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Arslan Guney drew little lines to indicate where rec center workers should place yellow markings for pickleball matches.

Arslan Guney, a 71-year-old grandfather who was arrested in March after marking up a Denver Parks and Recreation pickleball court with a Sharpie, is off the hook.

Guney's bond was released Wednesday and Denver prosecutors agreed to seal his arrest record on criminal mischief charges.

Guney was accused of causing nearly $10,000 in damage to Denver's Central Park Recreation Center basketball floor when he drew little lines to indicate where rec center workers should place yellow markings for the matches there. 

"It was all a misunderstanding," said Guney's attorney, Hollynd Hoskins, who added that her client was trying to help mark the pickleball court perimeter as a volunteer and asked for the magic marker from the front desk before he drew around four dozen small lines on the gym floor.

When Parks and Recreation staff members realized what he was doing, they called police. 

"He looks to see if anyone's coming," rec center employees can be heard telling a Denver police officer on a body-camera recording as they watch surveillance video of the incident.

The video, sent to The Denver Gazette by Hoskins, showed Guney in sweats and tennis shoes walking around the basketball court, bending as he drew.

"He was a known, dedicated volunteer of the rec center," said Hoskins. "It's sad. He was just trying to help them out." 

Linda Guney, Arslan Guney's wife of 45 years, said she became distraught when she found out her husband could be sentenced to three years in prison. She drove him to police headquarters, where he surrendered to authorities.

Arslan Guney was in jail for 10 hours before he was released on bond.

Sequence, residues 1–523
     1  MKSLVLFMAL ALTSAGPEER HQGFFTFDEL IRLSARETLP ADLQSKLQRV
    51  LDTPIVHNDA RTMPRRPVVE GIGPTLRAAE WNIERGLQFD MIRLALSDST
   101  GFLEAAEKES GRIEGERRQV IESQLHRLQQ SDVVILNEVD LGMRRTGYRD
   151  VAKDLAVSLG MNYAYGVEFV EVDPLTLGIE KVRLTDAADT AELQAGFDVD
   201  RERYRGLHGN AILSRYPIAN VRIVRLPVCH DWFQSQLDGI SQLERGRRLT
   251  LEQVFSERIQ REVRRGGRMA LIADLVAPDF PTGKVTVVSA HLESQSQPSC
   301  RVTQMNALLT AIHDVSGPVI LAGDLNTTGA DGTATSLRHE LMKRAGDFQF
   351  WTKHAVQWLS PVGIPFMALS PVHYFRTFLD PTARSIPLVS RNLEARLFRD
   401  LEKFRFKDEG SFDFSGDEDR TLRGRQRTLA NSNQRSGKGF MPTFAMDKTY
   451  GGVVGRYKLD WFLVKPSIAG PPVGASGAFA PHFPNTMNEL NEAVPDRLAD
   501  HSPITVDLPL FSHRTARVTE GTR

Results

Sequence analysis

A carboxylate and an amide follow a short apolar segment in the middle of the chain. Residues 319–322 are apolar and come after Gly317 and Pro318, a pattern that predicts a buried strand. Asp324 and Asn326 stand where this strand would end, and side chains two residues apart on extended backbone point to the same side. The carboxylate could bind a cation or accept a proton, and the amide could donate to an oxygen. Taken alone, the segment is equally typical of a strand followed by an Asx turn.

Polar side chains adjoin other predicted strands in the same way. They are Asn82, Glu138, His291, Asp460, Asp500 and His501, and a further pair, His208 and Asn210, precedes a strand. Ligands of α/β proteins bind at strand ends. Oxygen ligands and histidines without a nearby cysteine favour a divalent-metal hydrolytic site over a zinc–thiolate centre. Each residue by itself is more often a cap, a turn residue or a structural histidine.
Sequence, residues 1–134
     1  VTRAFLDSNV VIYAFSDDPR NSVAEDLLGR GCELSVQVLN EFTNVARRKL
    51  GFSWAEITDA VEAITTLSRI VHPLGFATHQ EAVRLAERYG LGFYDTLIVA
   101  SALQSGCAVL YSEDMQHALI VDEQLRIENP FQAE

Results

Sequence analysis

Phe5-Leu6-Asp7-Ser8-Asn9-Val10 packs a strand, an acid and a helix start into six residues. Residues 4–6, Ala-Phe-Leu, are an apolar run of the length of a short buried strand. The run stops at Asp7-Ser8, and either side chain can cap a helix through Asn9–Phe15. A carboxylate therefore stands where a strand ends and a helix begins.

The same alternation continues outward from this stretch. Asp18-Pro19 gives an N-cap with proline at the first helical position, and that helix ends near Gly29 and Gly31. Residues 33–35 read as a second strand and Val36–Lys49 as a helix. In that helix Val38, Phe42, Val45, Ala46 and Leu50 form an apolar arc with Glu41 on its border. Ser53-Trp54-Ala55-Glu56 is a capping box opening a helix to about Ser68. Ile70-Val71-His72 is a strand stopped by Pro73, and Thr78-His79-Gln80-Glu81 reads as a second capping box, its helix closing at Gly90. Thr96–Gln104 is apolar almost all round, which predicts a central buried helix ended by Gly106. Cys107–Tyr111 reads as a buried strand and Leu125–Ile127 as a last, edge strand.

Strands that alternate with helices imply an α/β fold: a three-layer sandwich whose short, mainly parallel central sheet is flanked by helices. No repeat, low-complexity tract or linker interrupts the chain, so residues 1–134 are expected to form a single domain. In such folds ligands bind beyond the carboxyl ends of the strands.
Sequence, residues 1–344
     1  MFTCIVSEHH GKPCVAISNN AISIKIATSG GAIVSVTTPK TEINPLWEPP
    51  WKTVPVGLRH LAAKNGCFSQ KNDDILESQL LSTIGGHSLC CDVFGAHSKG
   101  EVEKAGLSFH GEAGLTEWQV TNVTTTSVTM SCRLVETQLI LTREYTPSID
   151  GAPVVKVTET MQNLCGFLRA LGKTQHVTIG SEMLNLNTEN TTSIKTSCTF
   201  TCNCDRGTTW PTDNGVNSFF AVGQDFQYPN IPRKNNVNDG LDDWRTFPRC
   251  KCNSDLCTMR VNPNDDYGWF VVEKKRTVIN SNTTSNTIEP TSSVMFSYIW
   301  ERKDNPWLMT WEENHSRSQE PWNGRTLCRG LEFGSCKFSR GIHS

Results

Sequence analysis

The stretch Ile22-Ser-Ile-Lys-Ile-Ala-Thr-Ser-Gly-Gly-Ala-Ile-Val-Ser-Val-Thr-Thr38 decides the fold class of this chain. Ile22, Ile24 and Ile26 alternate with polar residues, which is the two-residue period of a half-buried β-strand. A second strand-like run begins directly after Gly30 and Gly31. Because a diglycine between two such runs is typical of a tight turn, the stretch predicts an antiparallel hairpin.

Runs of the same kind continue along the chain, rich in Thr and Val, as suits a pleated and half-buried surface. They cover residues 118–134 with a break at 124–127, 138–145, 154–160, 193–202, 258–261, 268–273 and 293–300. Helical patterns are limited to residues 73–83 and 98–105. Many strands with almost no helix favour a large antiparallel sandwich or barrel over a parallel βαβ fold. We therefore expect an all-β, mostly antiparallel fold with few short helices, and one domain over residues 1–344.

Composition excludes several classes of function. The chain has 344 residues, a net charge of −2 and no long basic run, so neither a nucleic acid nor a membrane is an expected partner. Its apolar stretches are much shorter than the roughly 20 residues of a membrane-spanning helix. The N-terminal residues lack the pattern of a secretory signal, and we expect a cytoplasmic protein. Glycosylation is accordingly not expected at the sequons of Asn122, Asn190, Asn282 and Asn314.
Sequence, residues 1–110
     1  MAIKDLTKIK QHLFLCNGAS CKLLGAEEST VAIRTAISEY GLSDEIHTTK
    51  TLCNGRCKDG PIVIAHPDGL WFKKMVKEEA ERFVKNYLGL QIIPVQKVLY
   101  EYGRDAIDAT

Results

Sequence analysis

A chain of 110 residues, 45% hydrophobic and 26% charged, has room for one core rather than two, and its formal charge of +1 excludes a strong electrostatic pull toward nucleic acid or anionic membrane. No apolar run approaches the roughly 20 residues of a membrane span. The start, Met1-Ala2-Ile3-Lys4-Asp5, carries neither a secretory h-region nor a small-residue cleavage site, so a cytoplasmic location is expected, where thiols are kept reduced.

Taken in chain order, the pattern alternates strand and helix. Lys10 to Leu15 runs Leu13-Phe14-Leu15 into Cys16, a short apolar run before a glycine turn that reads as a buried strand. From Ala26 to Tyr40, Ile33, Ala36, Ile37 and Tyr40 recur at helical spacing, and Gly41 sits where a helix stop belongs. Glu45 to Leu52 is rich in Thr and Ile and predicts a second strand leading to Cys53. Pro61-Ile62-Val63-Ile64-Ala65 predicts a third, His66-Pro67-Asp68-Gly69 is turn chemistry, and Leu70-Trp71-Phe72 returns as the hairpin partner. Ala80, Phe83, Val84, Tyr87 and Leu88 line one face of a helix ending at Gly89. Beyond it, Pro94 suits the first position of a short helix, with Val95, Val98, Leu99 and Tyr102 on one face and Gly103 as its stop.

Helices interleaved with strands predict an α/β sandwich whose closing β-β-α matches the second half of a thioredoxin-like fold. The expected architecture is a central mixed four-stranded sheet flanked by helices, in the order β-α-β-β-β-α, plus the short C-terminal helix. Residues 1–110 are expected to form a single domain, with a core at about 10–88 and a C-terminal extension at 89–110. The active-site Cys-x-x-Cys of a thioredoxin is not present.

"I was hysterical," said Linda Guney, who said that since then, she has spent her days and nights fretting that her husband might have to serve a prison sentence.

"It was extremely embarrassing," she added. 

Arslan Guney was one of the few defendants in Denver County Court on Wednesday not dressed in an orange jumpsuit. 

"I have a nice suit that I only wear to weddings and funerals. It was new to me to go to court in that suit," said Guney, whose new nickname is Mayor of Pickleball. "I'm glad it's all over. It's been stressful."

Guney told a judge Wednesday that he would pay for half of the damage. A sports hardwood company has offered to donate two days of work to redo the entire floor.

GoFundMe called "Help Mayor of Pickleball Settle the Goof-Up!" will help pay for the damage, and if there is any money left, Guney wants every dollar to go toward bringing his love for pickleball to underserved communities, detention facilities and at-risk kids.

He also agreed to write Parks and Recreation an apology letter.

"It's been two months of hardship and sadness," Guney said. "I'm ready to get back and start volunteering again."

And with that, he was off to play a match. 

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